MINNEAPOLIS (WCCO) – The rush at Krueger’s Christmas Trees had a Black Friday type feel but the crowds didn’t show up for door buster deals or big savings.
“We consider this our “green Friday,”” Deb Krueger, of Krueger’s Christmas Trees, said.
Families showed up on Friday with a specific purchase in mind.
“We’re here to get the best Christmas tree ever,” Art Boylan said.
For Boylan and his family, this trip to the Christmas tree farm marked the start of a new tradition.
“I think going out and finding your own Christmas tree is a lot of fun and it’s a nice way to kick off the holidays,” he said.
With thousands of trees to choose from, the selection process wasn’t easy. The Boylan family knew they wanted a Fraser fir but took their time to find one that fit in their home and would satisfy all three of their little girls.
“The selection is pretty terrific,” he said.
As they walked through the rows of Frasers, Boylan noticed some of the trees had brown needles.
“This one has some winter burn on it,” he said as he pointed to a 7-foot Fraser.
Winter burn is showing up in about 20 percent of the Christmas tree crop around the state.
It happens every year, but Deb Krueger believes it’s more obvious this season.
“We think because the summer didn’t get very warm at all, so, it didn’t heat up the trees enough to green them up,” Krueger said.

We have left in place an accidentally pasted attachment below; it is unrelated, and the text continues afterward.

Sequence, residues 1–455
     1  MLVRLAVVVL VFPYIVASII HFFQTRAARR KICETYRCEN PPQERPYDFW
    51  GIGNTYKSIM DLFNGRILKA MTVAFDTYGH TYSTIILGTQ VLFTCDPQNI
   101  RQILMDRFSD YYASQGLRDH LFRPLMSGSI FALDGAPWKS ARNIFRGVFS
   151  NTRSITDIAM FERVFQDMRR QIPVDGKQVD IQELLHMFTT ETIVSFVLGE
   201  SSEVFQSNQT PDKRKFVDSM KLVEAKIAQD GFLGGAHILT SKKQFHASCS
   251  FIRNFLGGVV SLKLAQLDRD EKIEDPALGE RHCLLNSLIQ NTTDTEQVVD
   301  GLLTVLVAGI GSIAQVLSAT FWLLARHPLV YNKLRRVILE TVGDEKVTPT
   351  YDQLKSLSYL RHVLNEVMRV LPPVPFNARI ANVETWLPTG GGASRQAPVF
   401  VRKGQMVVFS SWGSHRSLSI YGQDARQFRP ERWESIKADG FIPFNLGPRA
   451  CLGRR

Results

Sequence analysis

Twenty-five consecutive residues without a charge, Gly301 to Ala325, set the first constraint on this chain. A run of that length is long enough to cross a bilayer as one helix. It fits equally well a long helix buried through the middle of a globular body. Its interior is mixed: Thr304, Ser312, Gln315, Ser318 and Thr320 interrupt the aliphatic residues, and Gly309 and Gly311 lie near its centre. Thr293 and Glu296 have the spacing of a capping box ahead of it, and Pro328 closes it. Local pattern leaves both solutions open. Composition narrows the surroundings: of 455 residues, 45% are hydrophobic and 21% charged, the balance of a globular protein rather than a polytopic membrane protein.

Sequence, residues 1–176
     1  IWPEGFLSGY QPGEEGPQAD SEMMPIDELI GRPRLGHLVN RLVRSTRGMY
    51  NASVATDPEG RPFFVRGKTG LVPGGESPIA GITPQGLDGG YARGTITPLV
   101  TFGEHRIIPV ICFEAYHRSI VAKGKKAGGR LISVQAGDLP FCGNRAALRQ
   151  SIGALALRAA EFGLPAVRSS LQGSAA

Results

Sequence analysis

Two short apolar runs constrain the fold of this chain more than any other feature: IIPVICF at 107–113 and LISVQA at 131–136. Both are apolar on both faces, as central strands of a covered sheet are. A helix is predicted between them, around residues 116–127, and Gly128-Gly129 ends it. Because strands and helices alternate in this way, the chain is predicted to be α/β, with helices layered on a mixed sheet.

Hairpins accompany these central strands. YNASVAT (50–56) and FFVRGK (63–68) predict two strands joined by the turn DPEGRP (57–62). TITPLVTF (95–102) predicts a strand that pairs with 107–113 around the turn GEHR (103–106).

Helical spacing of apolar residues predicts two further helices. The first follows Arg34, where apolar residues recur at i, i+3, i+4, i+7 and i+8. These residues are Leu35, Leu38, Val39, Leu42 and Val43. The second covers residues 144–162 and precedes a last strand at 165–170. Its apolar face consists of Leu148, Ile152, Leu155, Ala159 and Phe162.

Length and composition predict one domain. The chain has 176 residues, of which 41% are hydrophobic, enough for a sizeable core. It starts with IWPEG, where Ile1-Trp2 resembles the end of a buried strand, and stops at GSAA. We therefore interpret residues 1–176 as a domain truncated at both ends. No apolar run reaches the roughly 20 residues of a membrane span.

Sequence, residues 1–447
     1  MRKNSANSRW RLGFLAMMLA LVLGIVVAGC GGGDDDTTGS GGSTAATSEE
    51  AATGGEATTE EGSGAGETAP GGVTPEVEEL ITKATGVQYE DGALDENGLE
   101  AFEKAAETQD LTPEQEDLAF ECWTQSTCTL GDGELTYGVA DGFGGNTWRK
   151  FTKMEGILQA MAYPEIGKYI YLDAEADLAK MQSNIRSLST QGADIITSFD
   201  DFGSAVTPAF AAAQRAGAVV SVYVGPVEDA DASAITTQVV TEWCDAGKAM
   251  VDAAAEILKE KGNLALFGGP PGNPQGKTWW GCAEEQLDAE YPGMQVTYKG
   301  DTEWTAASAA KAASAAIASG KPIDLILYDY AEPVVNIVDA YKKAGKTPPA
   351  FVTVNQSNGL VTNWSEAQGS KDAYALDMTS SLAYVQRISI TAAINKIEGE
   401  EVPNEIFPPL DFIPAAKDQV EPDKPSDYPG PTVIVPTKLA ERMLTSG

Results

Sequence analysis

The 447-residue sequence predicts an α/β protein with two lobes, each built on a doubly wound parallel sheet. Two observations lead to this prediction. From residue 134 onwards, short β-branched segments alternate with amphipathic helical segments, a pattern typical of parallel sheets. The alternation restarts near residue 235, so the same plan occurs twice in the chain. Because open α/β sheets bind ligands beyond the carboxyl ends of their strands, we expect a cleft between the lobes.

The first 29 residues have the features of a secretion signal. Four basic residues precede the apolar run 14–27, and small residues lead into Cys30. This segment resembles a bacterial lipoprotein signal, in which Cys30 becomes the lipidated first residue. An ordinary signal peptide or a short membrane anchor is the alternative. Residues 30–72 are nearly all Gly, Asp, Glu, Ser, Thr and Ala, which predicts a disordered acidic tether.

Despite the name, winter burn, this phenomenon actually happens in the early spring.
“We have snow cover and we have longer days so the sun reflects off the snow, and it’s coming down on the trees, and it causes a sunburn,” Neil Krueger said.
He said even with the brown needles the tree is perfectly healthy. A tree with brown branches this year will look completely different next season.
“Those needles will fall off this winter,” he said. “Around those areas will be new green needles, so, you won’t even see it next year.”
A few brown branches didn’t keep the Boylan family from finding a tree worth trimming.
“A little burn doesn’t bother me,” Boylan said.
After all, a Christmas tree isn’t always about appearance but the tradition it creates.
Neil said winter burn is mainly seen on Fraser fir trees because those trees aren’t native to Minnesota.
For more information on Krueger’s Christmas Trees, visit them online.